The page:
- Primary navigation and footer content
- Default colors and font sizes
- Design for single blog post view
I will go into detail how GP is configured here on freshvanroot.com. I want you to get a feeling of how things can be done with the theme to play together with Elementor.
Basic Layout Settings
Our Primary Navigation and Footer are rendered by the theme, not Elementor. This set up allows us to add whatever we want between header and footer, if we decide to do so at a later time, and for rendering content we are not fully dependent on Elementor.
How can you disable certain things to get displayed in GP?
For our site, we do not want any sidebars, headers, site titles and so on displayed on pages or posts. GP provides an easy way to disable certain elements on page level or setting default for the whole site.
You can disable whatever elements you want to at page level, like shown in the screenshot below. The defaults for this can be set in the customize view in WordPress.
Defining the overall site width
GeneratePress integrates perfectly well with the classic WordPress Dashboard. Most of the layout options can be configured within the classic Customize Panel in WordPress. One specific setting I want to point out is the Container width, which is set to 1100px for this site here. These 1100 pixels width between navigation and footer are the playground area for Elementor.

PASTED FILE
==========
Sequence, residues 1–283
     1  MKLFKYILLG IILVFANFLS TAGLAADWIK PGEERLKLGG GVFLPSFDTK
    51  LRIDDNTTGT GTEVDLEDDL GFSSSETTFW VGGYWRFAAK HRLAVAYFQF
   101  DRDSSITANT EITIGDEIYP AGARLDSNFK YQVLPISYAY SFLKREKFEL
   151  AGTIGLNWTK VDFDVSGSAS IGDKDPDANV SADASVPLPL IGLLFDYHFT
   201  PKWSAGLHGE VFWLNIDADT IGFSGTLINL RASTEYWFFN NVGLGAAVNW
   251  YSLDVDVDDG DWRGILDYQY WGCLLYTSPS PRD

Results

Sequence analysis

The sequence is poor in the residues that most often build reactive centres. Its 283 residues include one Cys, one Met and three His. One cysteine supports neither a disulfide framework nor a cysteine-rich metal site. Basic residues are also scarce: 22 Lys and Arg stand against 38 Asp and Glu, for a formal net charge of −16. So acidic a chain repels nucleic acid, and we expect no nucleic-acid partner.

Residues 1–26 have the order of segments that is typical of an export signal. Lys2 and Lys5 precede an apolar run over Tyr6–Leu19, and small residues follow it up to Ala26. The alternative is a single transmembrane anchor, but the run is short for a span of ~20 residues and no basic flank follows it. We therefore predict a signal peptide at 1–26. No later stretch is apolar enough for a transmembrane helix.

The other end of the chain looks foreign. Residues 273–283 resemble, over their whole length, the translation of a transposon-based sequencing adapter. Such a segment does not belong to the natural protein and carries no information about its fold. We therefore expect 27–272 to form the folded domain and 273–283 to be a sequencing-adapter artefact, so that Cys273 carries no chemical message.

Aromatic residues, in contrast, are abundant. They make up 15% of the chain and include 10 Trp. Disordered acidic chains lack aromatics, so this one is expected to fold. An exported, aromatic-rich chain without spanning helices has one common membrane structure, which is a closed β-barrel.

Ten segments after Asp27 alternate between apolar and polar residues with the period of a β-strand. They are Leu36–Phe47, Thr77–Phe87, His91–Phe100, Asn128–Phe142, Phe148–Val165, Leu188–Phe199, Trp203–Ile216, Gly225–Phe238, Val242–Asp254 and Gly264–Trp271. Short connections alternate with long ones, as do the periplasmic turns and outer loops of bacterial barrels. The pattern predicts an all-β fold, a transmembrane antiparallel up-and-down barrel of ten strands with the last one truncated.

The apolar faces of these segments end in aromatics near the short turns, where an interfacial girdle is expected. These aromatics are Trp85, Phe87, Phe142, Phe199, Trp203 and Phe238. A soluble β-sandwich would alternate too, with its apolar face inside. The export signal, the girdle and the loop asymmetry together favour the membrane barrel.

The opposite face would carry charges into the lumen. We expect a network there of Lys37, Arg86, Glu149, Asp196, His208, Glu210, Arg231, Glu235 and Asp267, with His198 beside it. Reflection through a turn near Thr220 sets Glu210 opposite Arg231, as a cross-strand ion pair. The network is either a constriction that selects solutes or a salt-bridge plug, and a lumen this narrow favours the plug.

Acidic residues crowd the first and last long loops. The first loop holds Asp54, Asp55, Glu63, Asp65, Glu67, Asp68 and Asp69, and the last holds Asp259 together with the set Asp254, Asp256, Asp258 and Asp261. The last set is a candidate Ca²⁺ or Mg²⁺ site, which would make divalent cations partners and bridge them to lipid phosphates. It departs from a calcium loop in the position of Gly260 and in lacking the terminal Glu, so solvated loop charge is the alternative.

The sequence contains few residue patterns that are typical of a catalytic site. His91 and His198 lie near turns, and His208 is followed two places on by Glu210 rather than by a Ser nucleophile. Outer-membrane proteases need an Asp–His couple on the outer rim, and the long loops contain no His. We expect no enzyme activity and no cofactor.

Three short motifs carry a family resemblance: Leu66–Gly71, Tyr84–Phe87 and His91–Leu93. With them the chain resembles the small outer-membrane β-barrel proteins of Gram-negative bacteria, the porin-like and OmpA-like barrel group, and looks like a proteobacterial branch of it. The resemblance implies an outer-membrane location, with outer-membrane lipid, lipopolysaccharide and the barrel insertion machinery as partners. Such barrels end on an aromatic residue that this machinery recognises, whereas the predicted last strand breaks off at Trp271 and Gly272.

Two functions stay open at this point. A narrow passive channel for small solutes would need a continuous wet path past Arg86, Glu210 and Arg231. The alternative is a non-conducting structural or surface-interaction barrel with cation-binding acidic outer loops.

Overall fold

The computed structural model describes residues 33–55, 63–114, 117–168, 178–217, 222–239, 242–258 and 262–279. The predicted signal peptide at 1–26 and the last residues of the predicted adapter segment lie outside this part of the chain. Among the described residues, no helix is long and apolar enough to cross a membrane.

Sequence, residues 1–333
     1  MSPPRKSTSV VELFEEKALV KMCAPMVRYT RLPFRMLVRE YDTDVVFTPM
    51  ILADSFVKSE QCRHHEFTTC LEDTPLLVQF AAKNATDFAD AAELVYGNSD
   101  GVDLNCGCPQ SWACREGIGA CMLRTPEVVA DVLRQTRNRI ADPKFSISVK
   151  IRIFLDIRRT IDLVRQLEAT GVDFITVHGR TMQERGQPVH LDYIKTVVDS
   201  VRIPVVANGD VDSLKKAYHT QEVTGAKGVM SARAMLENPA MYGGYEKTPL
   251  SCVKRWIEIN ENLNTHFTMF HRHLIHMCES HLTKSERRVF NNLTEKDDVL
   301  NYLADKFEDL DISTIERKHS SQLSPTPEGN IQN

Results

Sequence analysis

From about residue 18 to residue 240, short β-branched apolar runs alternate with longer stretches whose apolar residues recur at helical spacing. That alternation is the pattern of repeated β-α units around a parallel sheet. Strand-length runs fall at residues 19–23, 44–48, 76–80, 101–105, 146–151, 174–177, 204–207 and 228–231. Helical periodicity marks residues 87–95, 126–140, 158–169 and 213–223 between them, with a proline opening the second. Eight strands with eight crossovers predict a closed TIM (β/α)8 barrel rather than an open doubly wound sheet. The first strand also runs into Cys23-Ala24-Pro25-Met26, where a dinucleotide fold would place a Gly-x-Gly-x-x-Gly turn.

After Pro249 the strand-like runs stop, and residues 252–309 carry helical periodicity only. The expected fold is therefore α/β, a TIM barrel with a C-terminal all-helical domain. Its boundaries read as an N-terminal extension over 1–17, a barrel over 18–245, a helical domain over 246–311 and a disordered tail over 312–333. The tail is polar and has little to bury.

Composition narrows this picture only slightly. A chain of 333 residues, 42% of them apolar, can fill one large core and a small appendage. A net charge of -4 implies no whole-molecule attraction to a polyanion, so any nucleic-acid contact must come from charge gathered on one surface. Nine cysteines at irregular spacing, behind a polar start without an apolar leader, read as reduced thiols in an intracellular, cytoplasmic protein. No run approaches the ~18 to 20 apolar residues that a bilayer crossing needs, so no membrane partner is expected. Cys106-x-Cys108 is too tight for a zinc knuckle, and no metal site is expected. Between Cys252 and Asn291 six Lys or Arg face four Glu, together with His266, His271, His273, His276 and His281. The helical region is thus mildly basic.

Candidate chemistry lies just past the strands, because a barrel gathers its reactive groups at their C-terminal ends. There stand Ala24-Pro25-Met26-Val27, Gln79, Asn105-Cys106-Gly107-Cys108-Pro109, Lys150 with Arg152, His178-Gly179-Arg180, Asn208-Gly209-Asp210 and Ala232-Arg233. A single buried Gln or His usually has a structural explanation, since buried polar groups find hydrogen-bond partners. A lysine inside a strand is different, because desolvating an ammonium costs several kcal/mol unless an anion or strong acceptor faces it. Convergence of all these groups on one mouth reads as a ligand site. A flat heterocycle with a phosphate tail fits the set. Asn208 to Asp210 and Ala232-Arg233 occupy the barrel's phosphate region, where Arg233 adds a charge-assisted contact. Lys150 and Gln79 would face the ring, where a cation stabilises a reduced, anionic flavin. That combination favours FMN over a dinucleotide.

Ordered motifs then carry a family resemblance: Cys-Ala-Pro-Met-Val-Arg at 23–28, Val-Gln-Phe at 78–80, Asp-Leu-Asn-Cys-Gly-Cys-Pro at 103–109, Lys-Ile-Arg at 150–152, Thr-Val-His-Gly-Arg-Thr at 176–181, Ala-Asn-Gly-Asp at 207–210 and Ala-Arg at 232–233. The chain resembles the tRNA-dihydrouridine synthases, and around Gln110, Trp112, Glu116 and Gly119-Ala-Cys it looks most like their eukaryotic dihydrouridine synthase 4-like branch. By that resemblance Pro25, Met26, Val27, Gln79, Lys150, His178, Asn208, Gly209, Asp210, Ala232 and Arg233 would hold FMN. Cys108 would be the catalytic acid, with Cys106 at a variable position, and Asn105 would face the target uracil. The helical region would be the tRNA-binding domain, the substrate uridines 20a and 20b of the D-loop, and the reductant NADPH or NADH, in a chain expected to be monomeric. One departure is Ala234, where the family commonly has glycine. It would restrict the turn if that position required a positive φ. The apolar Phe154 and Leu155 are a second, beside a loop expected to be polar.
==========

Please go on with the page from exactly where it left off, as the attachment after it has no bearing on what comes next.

We decided to go with a “burger” navigation all the time, not only on mobile. Our site does not need much navigating around anyway, its only ~10 pages and most of traffic is happening inside the blog page.
To get this result just leave the primary menu empty, select your primary menu as secondary navigation. See my GP support request for full details.